Incidence of Poverty

The three measures of poverty discussed in Chapter 6 will now be applied to the
data collected from the sample of households. This chapter will describe the extent
of poverty among the households and population of the United Kingdom and its
constituent regions in 1968-9. It will outline the relationship between short-term and
long-term poverty and portray the general ‘structure’ of poverty among the
population.
As judged by the state’s or government standard, 7 per cent of the households in
the sample were in poverty. By the deprivation standard, the number was 25 per
cent. However, the difference between these two results is greater than it would be if
the ‘real’ rather than the ‘basic’ government standard were to be used. If the
government standard were to be treated not just as equivalent to the basic scale rates
of supplementary benefit but were also to include the regular discretionary payments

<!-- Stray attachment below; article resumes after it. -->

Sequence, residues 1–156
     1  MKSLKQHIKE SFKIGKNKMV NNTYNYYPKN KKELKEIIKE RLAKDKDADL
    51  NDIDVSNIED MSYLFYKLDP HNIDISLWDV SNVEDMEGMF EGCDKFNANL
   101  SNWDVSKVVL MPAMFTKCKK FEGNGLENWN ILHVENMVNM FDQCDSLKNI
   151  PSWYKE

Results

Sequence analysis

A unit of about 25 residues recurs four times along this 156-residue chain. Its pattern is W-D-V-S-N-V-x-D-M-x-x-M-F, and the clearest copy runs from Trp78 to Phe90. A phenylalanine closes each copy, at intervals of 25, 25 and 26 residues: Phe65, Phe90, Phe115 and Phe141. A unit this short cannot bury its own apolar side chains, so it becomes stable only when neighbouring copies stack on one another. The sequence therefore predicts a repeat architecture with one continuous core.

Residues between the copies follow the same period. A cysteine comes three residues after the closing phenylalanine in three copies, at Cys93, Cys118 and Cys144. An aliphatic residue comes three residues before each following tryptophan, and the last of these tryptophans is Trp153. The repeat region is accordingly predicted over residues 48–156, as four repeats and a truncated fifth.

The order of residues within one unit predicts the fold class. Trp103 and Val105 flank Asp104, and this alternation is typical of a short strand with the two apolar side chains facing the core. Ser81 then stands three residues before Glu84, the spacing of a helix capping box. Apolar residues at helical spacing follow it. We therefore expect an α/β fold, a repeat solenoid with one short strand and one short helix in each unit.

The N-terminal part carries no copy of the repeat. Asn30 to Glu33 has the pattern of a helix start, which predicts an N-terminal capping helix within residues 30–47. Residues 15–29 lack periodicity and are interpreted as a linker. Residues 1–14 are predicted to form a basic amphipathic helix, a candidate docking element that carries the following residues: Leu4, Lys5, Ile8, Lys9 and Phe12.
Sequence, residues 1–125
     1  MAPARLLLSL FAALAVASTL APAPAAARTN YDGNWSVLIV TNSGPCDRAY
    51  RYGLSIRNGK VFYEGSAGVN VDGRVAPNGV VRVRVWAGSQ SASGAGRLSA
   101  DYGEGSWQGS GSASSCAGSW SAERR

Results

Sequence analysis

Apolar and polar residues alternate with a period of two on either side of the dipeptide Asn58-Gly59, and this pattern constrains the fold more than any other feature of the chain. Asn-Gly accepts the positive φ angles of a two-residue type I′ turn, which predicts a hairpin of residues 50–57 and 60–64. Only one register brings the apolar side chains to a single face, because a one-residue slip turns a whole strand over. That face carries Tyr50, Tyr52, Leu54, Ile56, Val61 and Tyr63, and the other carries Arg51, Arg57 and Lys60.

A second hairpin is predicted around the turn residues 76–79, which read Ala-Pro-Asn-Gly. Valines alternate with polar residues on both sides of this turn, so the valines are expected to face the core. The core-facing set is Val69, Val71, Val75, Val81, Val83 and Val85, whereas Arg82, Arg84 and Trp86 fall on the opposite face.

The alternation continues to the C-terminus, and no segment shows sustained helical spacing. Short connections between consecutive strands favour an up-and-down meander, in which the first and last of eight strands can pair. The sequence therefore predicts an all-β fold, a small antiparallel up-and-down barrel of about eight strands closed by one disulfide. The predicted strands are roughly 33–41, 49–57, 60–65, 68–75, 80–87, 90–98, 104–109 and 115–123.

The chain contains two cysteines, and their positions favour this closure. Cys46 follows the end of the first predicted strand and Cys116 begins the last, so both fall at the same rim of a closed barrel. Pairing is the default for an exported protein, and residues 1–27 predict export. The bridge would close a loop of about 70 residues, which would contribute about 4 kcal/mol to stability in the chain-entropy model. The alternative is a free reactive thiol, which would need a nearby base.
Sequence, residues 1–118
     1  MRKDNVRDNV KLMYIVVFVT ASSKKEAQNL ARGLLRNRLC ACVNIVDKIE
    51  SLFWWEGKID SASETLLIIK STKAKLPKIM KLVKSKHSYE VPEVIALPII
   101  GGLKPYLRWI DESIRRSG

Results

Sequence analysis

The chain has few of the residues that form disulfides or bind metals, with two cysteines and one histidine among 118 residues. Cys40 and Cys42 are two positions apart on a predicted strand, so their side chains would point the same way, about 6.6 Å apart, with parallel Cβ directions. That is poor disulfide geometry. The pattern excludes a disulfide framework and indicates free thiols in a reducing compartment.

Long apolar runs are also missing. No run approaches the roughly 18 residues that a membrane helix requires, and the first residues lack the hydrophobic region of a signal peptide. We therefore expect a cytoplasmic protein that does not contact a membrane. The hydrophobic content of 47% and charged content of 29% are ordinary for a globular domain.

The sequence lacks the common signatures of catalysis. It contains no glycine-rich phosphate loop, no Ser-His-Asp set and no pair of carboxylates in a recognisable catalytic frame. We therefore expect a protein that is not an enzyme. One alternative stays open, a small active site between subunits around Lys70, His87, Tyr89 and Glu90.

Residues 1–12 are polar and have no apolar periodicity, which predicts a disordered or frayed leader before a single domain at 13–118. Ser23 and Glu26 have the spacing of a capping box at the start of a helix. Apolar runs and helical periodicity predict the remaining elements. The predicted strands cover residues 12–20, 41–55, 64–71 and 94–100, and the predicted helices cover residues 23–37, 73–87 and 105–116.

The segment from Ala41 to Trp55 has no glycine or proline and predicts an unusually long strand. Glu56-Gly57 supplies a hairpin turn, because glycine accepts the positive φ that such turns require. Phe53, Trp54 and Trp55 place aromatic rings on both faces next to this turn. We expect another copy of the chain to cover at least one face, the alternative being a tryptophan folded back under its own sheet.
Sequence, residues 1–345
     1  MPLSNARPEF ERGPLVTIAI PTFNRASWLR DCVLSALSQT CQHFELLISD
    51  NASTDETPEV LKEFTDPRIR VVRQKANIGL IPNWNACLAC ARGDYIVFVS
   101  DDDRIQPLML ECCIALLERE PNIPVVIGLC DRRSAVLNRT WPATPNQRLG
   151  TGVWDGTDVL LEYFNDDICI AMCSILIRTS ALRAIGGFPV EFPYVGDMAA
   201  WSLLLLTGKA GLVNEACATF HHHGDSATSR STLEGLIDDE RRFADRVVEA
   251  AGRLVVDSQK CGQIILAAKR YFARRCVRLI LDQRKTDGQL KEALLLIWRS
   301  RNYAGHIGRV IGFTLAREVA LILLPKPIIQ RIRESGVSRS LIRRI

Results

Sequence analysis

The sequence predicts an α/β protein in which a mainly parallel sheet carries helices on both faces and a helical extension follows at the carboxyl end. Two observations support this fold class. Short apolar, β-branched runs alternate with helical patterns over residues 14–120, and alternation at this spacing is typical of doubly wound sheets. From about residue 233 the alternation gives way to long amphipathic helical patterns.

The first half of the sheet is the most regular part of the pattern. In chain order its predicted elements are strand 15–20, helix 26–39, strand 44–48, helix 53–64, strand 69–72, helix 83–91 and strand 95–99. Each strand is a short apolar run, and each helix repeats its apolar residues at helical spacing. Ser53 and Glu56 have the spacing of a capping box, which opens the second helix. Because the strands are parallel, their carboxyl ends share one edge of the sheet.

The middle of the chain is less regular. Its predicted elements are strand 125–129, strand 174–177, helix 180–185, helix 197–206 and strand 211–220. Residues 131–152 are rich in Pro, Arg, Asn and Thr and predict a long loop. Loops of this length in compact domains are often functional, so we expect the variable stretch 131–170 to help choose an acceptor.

which are often added to these rates, as well as the income and assets which are
ordinarily disregarded in determining eligibility, the figure of 7 per cent would be
considerably higher. The ‘real’ standard could be applied only by making
complicated adjustments for each family’s circumstances. Instead, a margin of
income up to 40 per cent above the ‘basic’ standard has been taken to show the
numbers in the population who may also be in poverty or on the boundaries of
poverty as defined by society.1
Further evidence on the real levels of income of
recipients of supplementary benefit and the numbers who are eligible to receive such
benefit will be given later. In addition to the 7 per cent of households in poverty
according to the basic government standard, there were another 24 per cent on the
margins of this standard, as Table 7.1 shows. That is, these households had an
annual net disposable income of only up to 40 per cent above the standard.
By the state’s standard, the percentage of the people in the sample in poverty and

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